Lyttelton Times Building facts for kids
Quick facts for kidsLyttelton Times Building
The façade of the Lyttelton Times Building in December 2008.
|Alternative names||Base Backpackers|
|Type||Initially commercial, now hostel|
|Architectural style||Chicago School|
|Location||Cathedral Square, Christchurch Central City|
|Address||56 Cathedral Square|
|Town or city||Christchurch|
|Structural system||Load bearing walls|
|Design and construction|
|Architect||Sidney and Alfred Luttrell|
The Lyttelton Times Building, last known as Base Backpackers, in 56 Cathedral Square, Christchurch Central City, was the last headquarters of the Lyttelton Times before its demise in 1935 as the then-oldest newspaper in New Zealand. The building in Chicago School architectural style was registered with New Zealand Historic Places Trust as a Category I heritage item, with the registration number 7216. The building's last use was as a backpackers' hostel and a restaurant. It was demolished following the February 2011 Christchurch earthquake.
The Lyttelton Times was devised by the Canterbury Association as part of the planned settlement of Canterbury. After arrival in mid December 1850, the first edition of the newspaper was published on 11 January 1851. From its initial location in the port town, Lyttelton, the newspaper moved its headquarters to the larger market of Christchurch in 1863. Its main competitor, The Press, had established itself in Christchurch in 1861.
The site that the Lyttelton Times had occupied in Gloucester Street with an agency since the 1850s extended through to Cathedral Square. A two-storey wooden building was erected on the Cathedral Square frontage when the headquarters moved from Lyttelton. Further growth necessitated bigger premises, and what is now known as the Star Building was built on the Gloucester Street frontage in 1884. Growth continued, and Sidney and Alfred Luttrell were commissioned in 1902 to design a new building for the Cathedral Square frontage.
The Luttrell brothers had only recently come to Christchurch from Tasmania. The Lyttelton Times Building was their first major commission, and established them as architects and building contractors. They used the Chicago School architectural style for the design, and that was the first time that this was applied by them in New Zealand. While they employed the appearance of the façade of this style, they did not employ the structural system of an internal steel frame, but they relied on load bearing walls. With their later commissions, Manchester Courts in Christchurch and Consultancy House in Dunedin, both for the New Zealand Express Company, they came closer to using the structural design of the Chicago School. Construction of the Lyttelton Times Building started in ca 1902, and the building was finished in 1904. At the time, it was the tallest building in Cathedral Square besides the tower of ChristChurch Cathedral itself.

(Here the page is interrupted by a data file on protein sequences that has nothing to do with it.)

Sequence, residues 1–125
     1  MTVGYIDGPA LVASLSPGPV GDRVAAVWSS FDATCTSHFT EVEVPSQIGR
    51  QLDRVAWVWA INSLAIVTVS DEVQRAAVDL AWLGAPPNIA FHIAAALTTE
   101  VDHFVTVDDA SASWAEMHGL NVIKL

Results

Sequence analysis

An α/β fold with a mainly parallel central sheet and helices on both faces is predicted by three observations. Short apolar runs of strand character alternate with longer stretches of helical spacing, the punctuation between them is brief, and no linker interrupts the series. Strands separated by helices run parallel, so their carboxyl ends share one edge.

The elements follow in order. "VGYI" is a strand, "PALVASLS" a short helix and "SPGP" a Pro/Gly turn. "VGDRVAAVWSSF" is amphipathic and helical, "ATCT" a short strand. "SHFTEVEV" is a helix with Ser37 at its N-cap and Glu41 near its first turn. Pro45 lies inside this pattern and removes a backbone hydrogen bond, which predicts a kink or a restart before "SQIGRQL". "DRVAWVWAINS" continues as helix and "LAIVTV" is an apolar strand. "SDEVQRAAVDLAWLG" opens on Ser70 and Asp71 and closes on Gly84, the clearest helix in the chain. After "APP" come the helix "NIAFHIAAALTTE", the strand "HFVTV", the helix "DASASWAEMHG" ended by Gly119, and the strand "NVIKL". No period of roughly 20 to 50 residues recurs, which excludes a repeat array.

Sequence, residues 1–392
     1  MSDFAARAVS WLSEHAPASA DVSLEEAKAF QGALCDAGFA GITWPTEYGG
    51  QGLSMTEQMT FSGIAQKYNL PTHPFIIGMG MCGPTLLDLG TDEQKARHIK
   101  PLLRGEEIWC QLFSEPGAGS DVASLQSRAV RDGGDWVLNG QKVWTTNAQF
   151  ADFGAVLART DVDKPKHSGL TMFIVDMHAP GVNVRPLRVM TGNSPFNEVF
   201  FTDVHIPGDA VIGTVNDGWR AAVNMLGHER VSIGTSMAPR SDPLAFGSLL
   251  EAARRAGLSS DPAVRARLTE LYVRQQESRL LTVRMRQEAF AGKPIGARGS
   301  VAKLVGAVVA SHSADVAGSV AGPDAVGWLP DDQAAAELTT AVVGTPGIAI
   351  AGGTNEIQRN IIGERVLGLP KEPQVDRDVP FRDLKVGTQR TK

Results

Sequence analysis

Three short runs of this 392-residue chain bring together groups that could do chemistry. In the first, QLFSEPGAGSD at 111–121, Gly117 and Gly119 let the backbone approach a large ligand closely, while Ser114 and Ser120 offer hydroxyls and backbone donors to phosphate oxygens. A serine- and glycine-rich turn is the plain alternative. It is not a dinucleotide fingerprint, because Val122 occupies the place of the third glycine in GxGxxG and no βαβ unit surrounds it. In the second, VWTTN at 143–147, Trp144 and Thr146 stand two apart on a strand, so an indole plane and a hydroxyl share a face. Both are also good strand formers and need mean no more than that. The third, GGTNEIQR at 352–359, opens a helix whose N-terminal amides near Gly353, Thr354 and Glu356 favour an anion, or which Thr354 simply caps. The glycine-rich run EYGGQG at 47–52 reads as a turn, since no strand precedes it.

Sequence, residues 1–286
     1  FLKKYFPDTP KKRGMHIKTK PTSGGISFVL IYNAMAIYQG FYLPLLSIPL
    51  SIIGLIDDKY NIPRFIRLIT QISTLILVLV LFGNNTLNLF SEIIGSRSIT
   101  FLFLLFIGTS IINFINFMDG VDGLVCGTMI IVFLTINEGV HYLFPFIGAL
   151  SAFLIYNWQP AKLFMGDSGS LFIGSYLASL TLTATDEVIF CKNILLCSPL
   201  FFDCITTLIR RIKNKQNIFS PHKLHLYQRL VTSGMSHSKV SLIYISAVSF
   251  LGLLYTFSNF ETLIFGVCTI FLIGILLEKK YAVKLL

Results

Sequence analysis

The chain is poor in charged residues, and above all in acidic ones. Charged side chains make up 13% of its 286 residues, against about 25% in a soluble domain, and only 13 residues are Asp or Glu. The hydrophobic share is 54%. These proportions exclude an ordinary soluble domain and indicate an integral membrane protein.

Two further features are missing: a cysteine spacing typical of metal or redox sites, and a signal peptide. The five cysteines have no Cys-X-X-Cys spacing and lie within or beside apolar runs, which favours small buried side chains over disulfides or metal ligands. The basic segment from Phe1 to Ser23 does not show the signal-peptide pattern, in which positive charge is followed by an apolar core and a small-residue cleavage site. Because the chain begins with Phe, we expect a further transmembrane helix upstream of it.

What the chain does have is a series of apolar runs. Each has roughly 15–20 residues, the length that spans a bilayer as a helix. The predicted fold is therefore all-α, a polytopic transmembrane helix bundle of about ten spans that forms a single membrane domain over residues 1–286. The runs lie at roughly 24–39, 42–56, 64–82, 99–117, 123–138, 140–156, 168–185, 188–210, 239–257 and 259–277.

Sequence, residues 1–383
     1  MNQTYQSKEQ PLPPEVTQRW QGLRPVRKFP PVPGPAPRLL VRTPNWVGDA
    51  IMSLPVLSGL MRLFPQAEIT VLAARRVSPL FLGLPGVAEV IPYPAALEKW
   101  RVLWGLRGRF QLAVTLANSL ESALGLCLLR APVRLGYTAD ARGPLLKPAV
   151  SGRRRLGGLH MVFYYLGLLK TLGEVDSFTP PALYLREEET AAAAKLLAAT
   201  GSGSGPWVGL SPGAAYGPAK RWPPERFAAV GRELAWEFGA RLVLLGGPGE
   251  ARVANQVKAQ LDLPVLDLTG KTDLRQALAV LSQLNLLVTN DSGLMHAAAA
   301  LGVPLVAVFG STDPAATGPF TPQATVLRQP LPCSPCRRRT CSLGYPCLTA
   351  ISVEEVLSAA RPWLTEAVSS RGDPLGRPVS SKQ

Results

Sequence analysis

Initially, some of the rooms in the building were used by the adjacent Warner's Hotel, built in 1901 after the previous hotel burned down. The association with Warner's did not last long, as patrons were kept awake at night by the printing presses in the building. In fact, the noise environment was bad enough in Warner's Hotel itself, and the northern end of the hotel, which adjoined the Lyttelton Times Building, was removed in 1917 and the gap filled with the Liberty Theatre (later called the Savoy).
The Lyttelton Times changed its name to Christchurch Times in 1929, and in 1935, production of that newspaper folded owing to intense competition, with two morning papers and two evening papers being published in Christchurch at that time. The Press, which is still published today, took the morning newspaper market. The Lyttelton Times Company was renamed to New Zealand Newspapers Ltd and published the Star-Sun as an evening paper, as a continuation of their evening paper The Star, which had been published since 1868. Production of the Star-Sun continued in the building until 1958, when the newspaper shifted to premises in Kilmore Street and changed its name again to The Star. It is still published in Christchurch on Wednesdays and Fridays as a free newspaper.
In 1994, the building was registered as a heritage building by the New Zealand Historic Places Trust (NZHPT). In 1997, the owner of the Star Building, the Lyttelton Times Building and Warner's Hotel applied for demolition consent. At the time, only the Lyttelton Times Building was registered with the NZHPT. The hearing's commissioner, Bob Batty, granted permission for the Lyttelton Times Building to be demolished, declined the request for Warner's Hotel, and granted permission to demolish the Star Building, but its façade had to be kept. The Environment Court overturned the demolition consent, and the Lyttelton Times Building was purchased by the Christchurch Heritage Trust, which turned the building into a backpackers' hostel and a restaurant.
Following the February 2011 Christchurch earthquake, the Lyttelton Times Building was as of 2 April 2011 not on the list of buildings to be demolished. In August 2011, it was reported that the building has been demolished. The historic part of Warner's Hotel is understood to also needing demolition, while the adjacent The Press Building was demolished in July 2011.
Lyttelton Times Building Facts for Kids. Kiddle Encyclopedia.